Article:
The Patriot Act asks us to throw over the first, fourth, 0afifth, sixth, fourteenth and fifteenth amendments to the constitution, period.
The Patriot Act allows the government to detain, 0aindefinitely and without access to an attorney or a trial by jury, anyone they 0adeem to be a terrorist.
That definition is left to the sole discretion of the 0afederal government, and to John Ashcroft. That definition, as we have already 0aseen, can be applied to citizen and non-citizen alike. It can apply to you, and 0ato me. As we sit here, there are well over 1,000 people sitting in prisons 0awithout access to an attorney or a jury trial. There is no time limit on their 0adetention. Some of them may very well be terrorists that mean to do us harm. 0aMany others, however, are people who fit a preconceived notion of what a 0athreatening person may be.
In an Associated Press article from last Sunday, said Dan 0aDodson, a spokesman for the National Association of Criminal Defense Attorneys, 0asaid, "Within six months of passing the Patriot Act, the Justice Department was 0aconducting seminars on how to stretch the new wiretapping provisions to extend 0athem beyond terror cases. They say they want the Patriot Act to fight terrorism, 0athen, within six months, they are teaching their people how to use it on 0aordinary citizens."
Clearly, the powers of the Patriot Act are already being 0aabused.
September 11 happened. There must be a response. I submit 0ato you today that the Patriot Act is the wrong response, a dangerous response, a 0aresponse that wrecks far too much of what makes this country excellent and 0aunique. I submit to you that John Ashcroft, who accused anyone who disagrees 0awith the Patriot Act of aiding terrorists from the well of our Congress, is the 0awrong man to hand such sweeping powers over to. I submit that we have 0asurrendered to the terrorists with this Act. We have done what they tried to do. 0aWe have done what they could never do. We have helped to murder the idea that is 0aAmerica. We have given those attackers the victory they sought on September 11. 0aThey never need to come back again. Thanks to the Patriot Act, their work is 0adone.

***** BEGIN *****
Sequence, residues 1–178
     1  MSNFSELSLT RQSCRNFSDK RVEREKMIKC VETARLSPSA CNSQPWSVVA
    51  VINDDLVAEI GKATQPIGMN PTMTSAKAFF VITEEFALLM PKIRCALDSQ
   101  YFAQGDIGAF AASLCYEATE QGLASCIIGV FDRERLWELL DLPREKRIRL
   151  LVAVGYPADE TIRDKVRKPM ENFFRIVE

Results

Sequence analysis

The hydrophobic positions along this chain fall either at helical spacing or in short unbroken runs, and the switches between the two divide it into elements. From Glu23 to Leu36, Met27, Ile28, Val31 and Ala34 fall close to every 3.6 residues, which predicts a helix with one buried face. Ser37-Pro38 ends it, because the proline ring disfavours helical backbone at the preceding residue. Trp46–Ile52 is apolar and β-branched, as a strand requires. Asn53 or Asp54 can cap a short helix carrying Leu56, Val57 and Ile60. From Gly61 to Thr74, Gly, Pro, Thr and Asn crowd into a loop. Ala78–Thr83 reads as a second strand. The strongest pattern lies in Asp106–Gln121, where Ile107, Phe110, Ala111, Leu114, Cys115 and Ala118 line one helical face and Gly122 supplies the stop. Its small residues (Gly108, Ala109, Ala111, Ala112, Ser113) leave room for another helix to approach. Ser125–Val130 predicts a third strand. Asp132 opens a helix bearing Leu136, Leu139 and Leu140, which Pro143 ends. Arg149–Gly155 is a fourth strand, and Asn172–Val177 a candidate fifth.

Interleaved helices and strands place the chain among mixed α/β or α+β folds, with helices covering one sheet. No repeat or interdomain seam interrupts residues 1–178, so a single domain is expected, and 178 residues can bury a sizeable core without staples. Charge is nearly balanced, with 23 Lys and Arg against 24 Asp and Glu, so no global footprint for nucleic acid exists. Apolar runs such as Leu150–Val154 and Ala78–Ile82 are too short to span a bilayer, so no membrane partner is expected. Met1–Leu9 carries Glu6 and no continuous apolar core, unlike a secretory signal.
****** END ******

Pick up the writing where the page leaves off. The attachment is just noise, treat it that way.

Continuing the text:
Thomas Paine once said, "If there is to be trouble, let it 0abe in my day, so my child may be safe." We did not want this trouble, but we've 0agot it. I ask you, here and now, to make trouble for those who would trouble us 0awith this terrible law.
I ask you, here and now, to stand for a better way than 0athis, a way that defends this nation while standing in the required reverence 0aand awe of the ideals that make this country what it is. I am asking you, as 0apatriots, to stand against this Patriot Act.
William 0aRivers Pitt is the Managing Editor of truthout.org. He is a New York Times 0aand international best-selling author of three books - "War On Iraq," available from Context Books, "The Greatest Sedition is Silence," available from Pluto Press, 0aand "Our Flag, Too: The Paradox of Patriotism," available in August 0afrom Context Books.